Photo Credit: Microsoft
Last week, on the stage at Microsoft's Future Decoded technology summit in Bengaluru, Microsoft CEO Satya Nadella ended his keynote presentation by praising 13-year-old Namya Joshi, a girl from Ludhiana. Joshi had earned the spotlight thanks to her work a year ago in using the block-building game Minecraft, to create educational experiences that helped other school children like herself learn about history and other subjects. In the year since she won the UNESCO Clubs 2018-2019 Worldwide Youth Multimedia Competition, Joshi hasn't rested on her laurels, and is an example of young people leveraging technology to improve the world. Gadgets 360 spoke to Joshi, to learn more about her experiments with Minecraft, and the things she has experienced in the last year.
At the summit, Nadella said, "I was energised to meet so many young innovators in India this week, including Namya Joshi who is training teachers around the world on how to use Minecraft as a learning tool. Their empathy, passion and ingenuity will change our world for the better.” Technology now allows anyone — with no formal training — to learn and create new and impressive things, from using existing pieces of code to create apps, or by leveraging games to create educational modules. YouTube videos and other online tools are a great way to learn new things, and make it possible for anyone to reach the world stage.
Joshi, an avid reader, created a project a project called “Magical World of Books Leading to #SDG'S 2030” that featured elements from Harry Potter universe and the Egyptian civilization, for which she secured a winner's spot in the 10-14 year category. When asked what new Minecraft Worlds has she created following her victory, she enthusiastically detailed an exhaustive list across various subjects, and more that she plans to work on in the near future.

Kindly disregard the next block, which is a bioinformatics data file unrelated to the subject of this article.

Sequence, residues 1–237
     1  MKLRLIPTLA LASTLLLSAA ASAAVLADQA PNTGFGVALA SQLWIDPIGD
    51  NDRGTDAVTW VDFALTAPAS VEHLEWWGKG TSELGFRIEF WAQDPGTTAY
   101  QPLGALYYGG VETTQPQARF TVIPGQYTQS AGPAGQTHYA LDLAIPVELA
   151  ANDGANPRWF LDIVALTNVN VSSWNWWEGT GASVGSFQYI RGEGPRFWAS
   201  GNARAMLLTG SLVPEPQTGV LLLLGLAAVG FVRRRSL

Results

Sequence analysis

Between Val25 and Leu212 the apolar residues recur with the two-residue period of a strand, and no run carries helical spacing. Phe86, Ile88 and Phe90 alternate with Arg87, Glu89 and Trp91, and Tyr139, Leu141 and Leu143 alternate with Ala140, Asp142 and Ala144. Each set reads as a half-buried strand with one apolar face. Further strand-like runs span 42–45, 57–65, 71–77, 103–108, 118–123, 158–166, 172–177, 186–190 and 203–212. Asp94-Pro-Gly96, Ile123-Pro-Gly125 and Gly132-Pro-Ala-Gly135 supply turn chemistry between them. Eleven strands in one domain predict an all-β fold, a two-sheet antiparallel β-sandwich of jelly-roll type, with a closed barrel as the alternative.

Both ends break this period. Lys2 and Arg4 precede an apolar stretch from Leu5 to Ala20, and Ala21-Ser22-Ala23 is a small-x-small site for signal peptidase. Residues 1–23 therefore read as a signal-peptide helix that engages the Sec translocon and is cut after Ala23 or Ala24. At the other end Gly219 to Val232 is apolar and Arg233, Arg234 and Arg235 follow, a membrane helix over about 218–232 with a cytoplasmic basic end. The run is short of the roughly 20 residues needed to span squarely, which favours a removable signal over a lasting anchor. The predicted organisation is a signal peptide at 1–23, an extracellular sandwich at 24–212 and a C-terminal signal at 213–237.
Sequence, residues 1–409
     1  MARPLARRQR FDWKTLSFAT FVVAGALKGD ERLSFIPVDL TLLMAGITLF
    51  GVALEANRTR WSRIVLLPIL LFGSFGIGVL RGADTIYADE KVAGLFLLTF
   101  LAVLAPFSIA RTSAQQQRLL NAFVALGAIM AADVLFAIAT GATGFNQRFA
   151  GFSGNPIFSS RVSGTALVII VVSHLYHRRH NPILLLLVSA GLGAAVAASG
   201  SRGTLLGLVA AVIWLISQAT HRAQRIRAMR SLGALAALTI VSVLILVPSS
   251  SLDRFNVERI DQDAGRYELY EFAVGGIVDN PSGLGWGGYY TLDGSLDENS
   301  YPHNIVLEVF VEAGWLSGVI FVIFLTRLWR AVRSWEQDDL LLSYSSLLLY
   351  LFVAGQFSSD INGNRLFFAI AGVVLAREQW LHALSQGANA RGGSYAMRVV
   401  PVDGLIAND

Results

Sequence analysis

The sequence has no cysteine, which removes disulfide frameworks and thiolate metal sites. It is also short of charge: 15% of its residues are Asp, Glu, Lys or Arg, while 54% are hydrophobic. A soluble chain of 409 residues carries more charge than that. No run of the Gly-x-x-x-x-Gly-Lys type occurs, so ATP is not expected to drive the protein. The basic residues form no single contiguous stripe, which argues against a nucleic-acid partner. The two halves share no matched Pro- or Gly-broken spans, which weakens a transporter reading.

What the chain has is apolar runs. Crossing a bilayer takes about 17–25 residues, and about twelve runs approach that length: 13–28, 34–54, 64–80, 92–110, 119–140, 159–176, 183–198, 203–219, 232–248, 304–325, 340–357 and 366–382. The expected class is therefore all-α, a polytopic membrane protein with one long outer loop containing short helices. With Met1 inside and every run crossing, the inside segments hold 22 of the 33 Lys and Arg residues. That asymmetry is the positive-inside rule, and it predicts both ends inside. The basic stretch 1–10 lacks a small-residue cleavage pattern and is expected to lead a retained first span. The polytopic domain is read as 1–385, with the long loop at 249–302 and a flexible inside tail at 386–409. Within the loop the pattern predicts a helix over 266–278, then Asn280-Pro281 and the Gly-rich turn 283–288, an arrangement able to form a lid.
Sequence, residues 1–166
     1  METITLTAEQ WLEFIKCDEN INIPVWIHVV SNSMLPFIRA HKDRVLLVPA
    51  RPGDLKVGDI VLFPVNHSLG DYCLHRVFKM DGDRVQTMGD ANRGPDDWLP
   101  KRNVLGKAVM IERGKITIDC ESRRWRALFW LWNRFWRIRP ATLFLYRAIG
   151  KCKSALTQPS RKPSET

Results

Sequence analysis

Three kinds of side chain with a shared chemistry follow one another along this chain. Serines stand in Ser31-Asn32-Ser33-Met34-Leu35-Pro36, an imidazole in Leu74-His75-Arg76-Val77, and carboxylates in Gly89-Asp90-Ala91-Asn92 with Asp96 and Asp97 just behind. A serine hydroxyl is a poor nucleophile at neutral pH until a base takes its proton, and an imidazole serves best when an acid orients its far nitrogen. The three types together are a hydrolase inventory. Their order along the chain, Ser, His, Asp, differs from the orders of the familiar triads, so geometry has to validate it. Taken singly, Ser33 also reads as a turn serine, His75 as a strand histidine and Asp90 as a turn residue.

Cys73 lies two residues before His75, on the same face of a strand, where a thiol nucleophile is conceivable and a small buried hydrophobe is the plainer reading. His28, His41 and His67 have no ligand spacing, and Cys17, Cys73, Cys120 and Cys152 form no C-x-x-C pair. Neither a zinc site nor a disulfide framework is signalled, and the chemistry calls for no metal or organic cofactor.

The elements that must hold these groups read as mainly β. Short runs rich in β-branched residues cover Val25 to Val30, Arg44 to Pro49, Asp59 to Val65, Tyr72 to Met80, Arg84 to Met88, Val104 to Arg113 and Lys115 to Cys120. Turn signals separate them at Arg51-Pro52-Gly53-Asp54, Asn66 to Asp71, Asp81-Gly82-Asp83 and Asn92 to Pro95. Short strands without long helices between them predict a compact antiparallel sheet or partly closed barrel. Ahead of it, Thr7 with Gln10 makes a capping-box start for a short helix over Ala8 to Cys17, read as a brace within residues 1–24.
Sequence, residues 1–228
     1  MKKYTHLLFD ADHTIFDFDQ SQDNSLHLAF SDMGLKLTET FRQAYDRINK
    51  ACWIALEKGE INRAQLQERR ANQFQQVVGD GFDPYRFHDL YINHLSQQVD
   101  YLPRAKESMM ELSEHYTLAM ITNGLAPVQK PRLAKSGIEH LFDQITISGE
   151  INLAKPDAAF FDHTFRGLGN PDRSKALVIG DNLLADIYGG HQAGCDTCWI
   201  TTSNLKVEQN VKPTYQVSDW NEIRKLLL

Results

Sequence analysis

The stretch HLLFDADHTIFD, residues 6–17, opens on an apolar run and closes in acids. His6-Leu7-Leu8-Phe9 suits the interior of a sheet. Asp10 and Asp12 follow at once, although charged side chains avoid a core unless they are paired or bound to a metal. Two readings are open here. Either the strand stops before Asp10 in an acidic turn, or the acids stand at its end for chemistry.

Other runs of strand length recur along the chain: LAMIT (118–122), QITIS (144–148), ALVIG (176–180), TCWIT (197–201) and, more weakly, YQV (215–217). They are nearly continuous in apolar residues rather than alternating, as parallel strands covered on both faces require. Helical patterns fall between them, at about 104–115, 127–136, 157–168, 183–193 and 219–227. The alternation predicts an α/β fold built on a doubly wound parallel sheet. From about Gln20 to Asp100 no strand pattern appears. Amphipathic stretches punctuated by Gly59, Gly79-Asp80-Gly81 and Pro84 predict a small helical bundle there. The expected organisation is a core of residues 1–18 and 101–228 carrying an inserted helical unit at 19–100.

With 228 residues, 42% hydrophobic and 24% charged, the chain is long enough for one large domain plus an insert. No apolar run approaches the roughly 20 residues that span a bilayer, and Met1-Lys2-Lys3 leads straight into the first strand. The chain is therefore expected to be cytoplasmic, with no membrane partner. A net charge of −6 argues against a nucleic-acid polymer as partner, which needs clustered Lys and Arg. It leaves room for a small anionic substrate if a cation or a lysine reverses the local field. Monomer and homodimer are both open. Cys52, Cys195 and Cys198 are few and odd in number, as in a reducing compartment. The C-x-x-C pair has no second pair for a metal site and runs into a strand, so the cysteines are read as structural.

“I've created new Minecraft Worlds on states of matter for chemistry, cybersecurity, Each Drop Counts-—Save Water for environmental studies, respiratory system for biology. I've also created a Minecraft World on good health and well-being, which shows how people are living now and how they used to live (back) then. I've also created a few lessons in French as well”, she said. And she's got more in the works, with plans to create more worlds to explore. Next up will be the Seven Wonders of the World, and the history of India during the Mughal rule — which are a part of her academic curriculum as well.
Like many young people, she's also full of excitement for the future and wants to do everything she possibly can. A voracious reader, her favourite books are the Harry Potter series, and she's now reading Percy Jackson's adventures. So, apart from building Minecraft worlds, Joshi also dreams of being an author, and has also written the first two chapters of a book, The Secret Of The Island, which she describes as a thriller full of mysteries.
The seventh grade student said that “it felt awesome” becoming an instructor for her own teachers and correcting them, while getting them acquainted to a whole new world of learning. But she's not just been showing her methods to her own teachers. Most recently, she was invited as a guest speaker at ‘KEOS 2019' event in Jyvaskyla, Finland, where she conducted a workshop for teachers on using Minecraft in schools.
UNESCO has also invited Joshi to the Builders of the Universe Camp at Hood College in Maryland, USA, later this year. “More students can enjoy with my journey as I believe in "Each One Can Teach Ten". Each one should share the learning with the next ten, and with this chain, we can make this reaction beautiful, learning and impactful,” she said.
Joshi's journey started when she was playing Minecraft's Education Edition on her mother's laptop, Joshi told Gadgets 360. Her mother Monica Joshi, is the IT head of the school where Namya was studying, and also works as a part of the Microsoft Innovative Educator program. After playing the game, Joshi got hooked and started to create different worlds, before stumbling onto the idea of creating worlds that her classmates could explore. After showing this to her mother, and other teachers, Joshi started training others to use Minecraft as a tool for education too, via Skype sessions and her YouTube channel.